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When the Rev. Eric Williams was asked to conduct a funeral for a young man who died from HIV because his own pastor refused, he was reluctant.
It was 1990, but Williams agreed, seeing the love that the deceased man’s family had for him during a time when HIV was heavily stigmatized. Over time, he learned about how Black people carry the highest burden of HIV. Willams also learned about how Black people are at higher risk for strokes, diabetes and heart disease. He was inspired to found the Calvary Connection Outreach Network (CCON) to care for the health of the Black faith community.
Now, at a time when Black Americans are contracting and dying from COVID-19 at disproportionately high rates, CCON is helping Black residents in Kansas City navigate the COVID-19 pandemic.
“We see so many people who are suffering,” Williams said. “And it becomes our duty and our task to want healing for the folks that we run across.”
COVID-19 is shining a light on health disparities that the Black community faces, but it isn’t the first disease to do so.
Some health disparities experienced by the Black community:
- Black people are significantly more at risk for early death than white people.
- Black people are more at risk for death by diabetes, stroke, heart disease, cancer, asthma, influenza, pneumonia, HIV/AIDS and homicide.
- There is a higher infant mortality rate among Black people. Black mothers are more likely to receive late or no prenatal care, and they are two to three times more likely to die from pregnancy-related causes than white women.
- Black people are more likely to have high blood pressure and higher rates of obesity than any other racial/ethnic group.
- Black people are more likely to experience unemployment and live in poverty than white people.
- Stress from experiencing race-based discrimination has been linked to mental health issues, higher blood pressure and increased smoking.
“We’ve seen this trend before, like when HIV became present in this country,” said Jannette Berkley-Patton, director of the University of Missouri-Kansas City Health Equity Institute.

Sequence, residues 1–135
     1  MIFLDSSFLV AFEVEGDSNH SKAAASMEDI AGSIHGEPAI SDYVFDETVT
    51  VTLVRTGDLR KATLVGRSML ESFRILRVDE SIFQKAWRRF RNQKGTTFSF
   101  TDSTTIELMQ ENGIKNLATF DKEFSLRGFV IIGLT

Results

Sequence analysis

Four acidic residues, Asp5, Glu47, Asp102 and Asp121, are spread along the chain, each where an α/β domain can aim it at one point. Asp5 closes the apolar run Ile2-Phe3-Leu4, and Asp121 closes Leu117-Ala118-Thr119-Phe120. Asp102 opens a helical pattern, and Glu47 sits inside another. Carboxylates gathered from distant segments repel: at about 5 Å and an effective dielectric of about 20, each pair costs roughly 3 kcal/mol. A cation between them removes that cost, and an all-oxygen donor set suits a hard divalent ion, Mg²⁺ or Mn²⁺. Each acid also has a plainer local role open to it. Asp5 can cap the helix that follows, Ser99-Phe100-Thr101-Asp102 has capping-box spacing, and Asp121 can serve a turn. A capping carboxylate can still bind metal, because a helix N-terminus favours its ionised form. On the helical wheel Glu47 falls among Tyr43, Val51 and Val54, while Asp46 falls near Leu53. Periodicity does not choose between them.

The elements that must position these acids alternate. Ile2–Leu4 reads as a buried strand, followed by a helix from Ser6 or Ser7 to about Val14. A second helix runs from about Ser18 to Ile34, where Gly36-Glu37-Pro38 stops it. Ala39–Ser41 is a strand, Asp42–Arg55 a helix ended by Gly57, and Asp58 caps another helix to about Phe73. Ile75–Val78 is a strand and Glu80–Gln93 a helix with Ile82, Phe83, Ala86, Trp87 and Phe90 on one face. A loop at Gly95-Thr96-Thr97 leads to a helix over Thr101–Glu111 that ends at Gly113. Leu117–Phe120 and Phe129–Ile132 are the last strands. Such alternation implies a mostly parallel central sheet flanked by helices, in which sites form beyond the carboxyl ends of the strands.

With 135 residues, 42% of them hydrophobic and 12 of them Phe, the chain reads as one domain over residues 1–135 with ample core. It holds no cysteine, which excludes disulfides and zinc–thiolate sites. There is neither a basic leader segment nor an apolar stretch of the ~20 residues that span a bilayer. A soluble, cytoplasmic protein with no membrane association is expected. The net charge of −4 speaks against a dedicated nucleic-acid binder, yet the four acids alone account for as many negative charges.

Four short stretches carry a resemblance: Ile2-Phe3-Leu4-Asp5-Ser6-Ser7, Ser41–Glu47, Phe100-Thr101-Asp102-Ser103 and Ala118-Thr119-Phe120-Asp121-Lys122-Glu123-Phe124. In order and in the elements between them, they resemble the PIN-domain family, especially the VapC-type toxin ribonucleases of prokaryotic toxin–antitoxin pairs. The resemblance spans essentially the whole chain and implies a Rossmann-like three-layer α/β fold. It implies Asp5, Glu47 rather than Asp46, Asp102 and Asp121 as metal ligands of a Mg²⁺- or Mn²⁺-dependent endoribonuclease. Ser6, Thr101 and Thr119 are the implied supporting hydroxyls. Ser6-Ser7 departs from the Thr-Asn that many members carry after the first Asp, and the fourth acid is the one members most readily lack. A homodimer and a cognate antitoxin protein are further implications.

“African Americans weren’t the first group disproportionately affected, but as transmission rates increased and with systemic issues in place, we saw similar things. We still haven’t really decreased those highly disproportionate rates of people of color who are impacted by HIV.”
In addition to higher rates of COVID-19, Black people in the Kansas City area have access to fewer permanent testing sites than the white population. The health disparities behind increased cases of COVID-19 among the Black community in Kansas City can be traced to several factors.
Black workers — especially Black women — are more likely to be front-line employees, putting them and their families at greater risk for contracting COVID-19. Black Americans have also faced the brunt of the economic fallout from the coronavirus, as more than 1 in 6 Black workers lost their jobs between February and April.
“The economic mobility and socioeconomic status of African Americans have put us at a disadvantage because we make up more of the essential workforce,” said Melissa Robinson, 3rd District councilwoman for Kansas City, Missouri. “While some of us had the privilege of being able to work from home, others of us did not, and those were mostly low-wage workers.”
Black families also are less likely to be able to social distance or quarantine due to living in multigenerational homes or crowded living quarters. They are also more likely to depend on extended family for child care while children have been out of school.
Berkley-Patton pointed out that many social determinants factor into health outcomes related to COVID-19.
“It isn’t just about whether or not you are sick,” she said. “When you are looking at the health of brown and Black people, there are chronic diseases like diabetes, high blood pressure, any kidney diseases.”
Access to affordable, quality health care is important, as well as whether patients have transportation to get to a doctor. So is mutual respect and quality communication between patients and providers. Berkley-Patton also mentions that environmental factors, such as adequate housing or the presence of hazardous particles, like lead, have an effect. So do health issues such as mental health.
“And then there is that daily thing we all face called racism and discrimination when you are a person of color,” she said.
Change from within the community
Grassroots organizations like CCON have been working for years to decrease health disparities for Kansas City’s Black residents, well before the COVID-19 pandemic. While CCON launched in 1994 in just one church, it now is a multisector organization including over 25 churches, as well as non-faith organizations. It has worked on unique ways to improve the health of Kansas Citians in the urban core, particularly within the Black faith community, such as adopting healthy food policies for church events. CCON runs the Calvary Community Wellness Center in Kansas City, which gives people a safe, affordable place to work on fitness, nutrition and health education and to receive screenings.